flood

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flood in

 (to something)
1. Lit. [for a fluid] to flow quickly into something in great volume. The water flooded in and soaked the carpets.
2. Fig. [for large amounts or numbers or people or things] to pour or rush into something. The people flooded into the hall. We opened the door, and the dogs and cats flooded in.
See also: flood

flood out

 (of something)
1. Lit. [for water or something that flows] to rush out of something. The water flooded out of the break in the dam.
2. Fig. [for people] to rush out of something or some place. The people flooded out of the theater, totally disgusted with the performance.
See also: flood, out

flood someone or something out of something

 and flood someone or something out
[for too much water] to force someone or something to leave something or some place. The high waters flooded them out of their home. The high waters flooded out a lot of people.
See also: flood, of, out

flood someone or something with something

to cover or inundate someone or something with something. We flooded them with praise and carried them on our shoulders. The rains flooded the fields with standing water.
See also: flood

in full flow

BRITISH or

in full flood

COMMON
1. If an activity, or the person who is performing the activity, is in full flow or in full flood, the activity has started and is being done with a lot of energy and enthusiasm. When she's in full flow, she often works right through the night. To hear the drum and bass of the Barrett brothers in full flow is a real treat for long-time fans. A campaign of public accusation is now in full flood. Note: You can also say that someone or something is in full spate. With family life in full spate, there were nevertheless some times of quiet domesticity.
2. If someone is in full flow or in full flood, they are talking quickly and for a long time. A male voice was in full flow in the lounge. Vicki was in full flood on the subject of her last boyfriend, a fellow lawyer she'd met at a charity ball.
See also: flow, full

be in full flood

1 (of a river) be swollen and overflowing its banks. 2 have gained momentum; be at the height of activity.
2 1991 Journal of Theological Studies There is too much detail for comfort…which is somewhat confusing when exposition is in full flood.
See also: flood, full

in full flow

1 talking fluently and easily and showing no sign of stopping. 2 performing vigorously and enthusiastically.
See also: flow, full

ˌflood the ˈmarket

offer for sale large quantities of a product, often at a low price: Importers flooded the market with cheap toys just before Christmas.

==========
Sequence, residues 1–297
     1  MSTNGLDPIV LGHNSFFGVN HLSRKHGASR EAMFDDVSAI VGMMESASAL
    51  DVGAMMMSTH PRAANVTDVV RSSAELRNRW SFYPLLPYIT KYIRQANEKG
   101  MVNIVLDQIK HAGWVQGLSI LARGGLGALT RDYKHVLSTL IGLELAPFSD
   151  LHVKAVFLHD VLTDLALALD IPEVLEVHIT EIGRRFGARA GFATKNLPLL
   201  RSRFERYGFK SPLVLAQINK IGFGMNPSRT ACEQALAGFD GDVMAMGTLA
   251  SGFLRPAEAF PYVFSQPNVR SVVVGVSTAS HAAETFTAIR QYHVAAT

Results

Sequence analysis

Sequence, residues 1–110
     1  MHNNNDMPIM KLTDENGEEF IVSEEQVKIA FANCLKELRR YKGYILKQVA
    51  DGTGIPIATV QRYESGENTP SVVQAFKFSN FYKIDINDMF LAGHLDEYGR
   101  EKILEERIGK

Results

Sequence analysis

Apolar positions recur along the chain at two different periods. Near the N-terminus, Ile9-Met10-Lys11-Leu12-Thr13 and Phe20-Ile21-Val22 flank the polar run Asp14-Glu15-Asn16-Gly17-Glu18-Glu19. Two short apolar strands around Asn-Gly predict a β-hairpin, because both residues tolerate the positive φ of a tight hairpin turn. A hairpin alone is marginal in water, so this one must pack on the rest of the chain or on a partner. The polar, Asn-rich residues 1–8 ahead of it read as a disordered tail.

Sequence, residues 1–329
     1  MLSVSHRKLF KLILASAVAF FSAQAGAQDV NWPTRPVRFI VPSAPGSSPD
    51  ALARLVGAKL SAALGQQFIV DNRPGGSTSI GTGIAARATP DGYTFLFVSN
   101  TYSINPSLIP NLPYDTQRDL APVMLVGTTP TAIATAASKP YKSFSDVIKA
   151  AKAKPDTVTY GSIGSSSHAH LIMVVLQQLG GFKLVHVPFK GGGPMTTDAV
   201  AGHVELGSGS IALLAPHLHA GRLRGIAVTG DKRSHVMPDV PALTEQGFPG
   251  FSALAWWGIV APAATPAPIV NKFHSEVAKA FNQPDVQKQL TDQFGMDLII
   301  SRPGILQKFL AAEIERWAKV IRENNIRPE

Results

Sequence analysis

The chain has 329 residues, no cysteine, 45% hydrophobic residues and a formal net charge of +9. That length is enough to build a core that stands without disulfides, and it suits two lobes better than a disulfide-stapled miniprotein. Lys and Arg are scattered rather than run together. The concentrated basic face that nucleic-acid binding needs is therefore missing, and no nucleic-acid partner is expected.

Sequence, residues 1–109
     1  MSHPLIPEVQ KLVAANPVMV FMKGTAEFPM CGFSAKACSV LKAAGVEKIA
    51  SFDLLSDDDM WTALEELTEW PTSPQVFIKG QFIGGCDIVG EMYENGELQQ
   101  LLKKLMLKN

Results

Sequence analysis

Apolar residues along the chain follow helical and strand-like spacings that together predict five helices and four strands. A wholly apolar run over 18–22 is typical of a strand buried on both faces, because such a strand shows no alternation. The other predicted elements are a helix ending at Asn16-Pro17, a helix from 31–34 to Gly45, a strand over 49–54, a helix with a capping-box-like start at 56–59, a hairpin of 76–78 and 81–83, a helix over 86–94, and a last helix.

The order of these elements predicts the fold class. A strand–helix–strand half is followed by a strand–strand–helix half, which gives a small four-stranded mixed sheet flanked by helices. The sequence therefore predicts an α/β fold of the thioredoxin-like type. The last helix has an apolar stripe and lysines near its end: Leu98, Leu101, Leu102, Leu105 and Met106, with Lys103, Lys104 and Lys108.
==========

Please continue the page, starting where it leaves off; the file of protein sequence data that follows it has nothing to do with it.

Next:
See also: flood, market

be in ˈfloods (of ˈtears)

(informal) be crying a lot: She was in floods of tears after a row with her family.
See also: flood

flood out

v.
To force something out or away from some place due to a current or influx of water: The torrential rains flooded out most of the coastal residents. High tides regularly flood the smaller animals and insects out of spaces between the rocks. We were flooded out by the broken water line.
See also: flood, out
References in periodicals archive ?
Last winter's floods highlighted the trauma and devastation flooding brings.
Last November s severe flooding was devastating for many communities across Wales.
Its aims are to ensure that flood risk is taken into account at all stages in the planning process to avoid inappropriate development in areas at risk of flooding, and to direct development away from areas of highest risk.
Some people living in flood risk areas are in denial about the dangers flooding can cause.
To combat flooding, property owners should first identify the level of flood zone in which they live.
Extensive and unexpected flooding occurred in Mold, Ruthin, Rhydymwyn, Almere and Trevalyn, Rhyl, Newport and across the Vale of Glamorgan.
Liz Cook, the Environment Agency's Campaign Manager said: ``People can be complacent about flooding - they think it only happens to other people.
A new Flood Awareness Campaign was being launched today to highlight the risks of flooding.
Flooding Glen Canyon produced Lake Powell, which has 1,960 miles of shoreline, covers 266 square miles, and was recently described by one newspaper as "one of the West's premier watersports playgrounds.
Common sense dictates that high levels of clearcutting can accelerate flooding and erosion.
The improvements are needed to protect California from the kind of flooding that devastated New Orleans after Katrina struck on August 29, 2005.
Householders threatened by flooding have been thrown a crucial lifeline.
In addition to online resources, InsuraMatch is fully staffed with New Jersey-based, licensed insurance agents who have personally witnessed the devastation of major flooding events, including Superstorm Sandy in 2012.
Residents' views are being sought on how Anglesey County Council deals with flooding on the island.
HUDDERSFIELD firms are in line for free advice to combat flooding.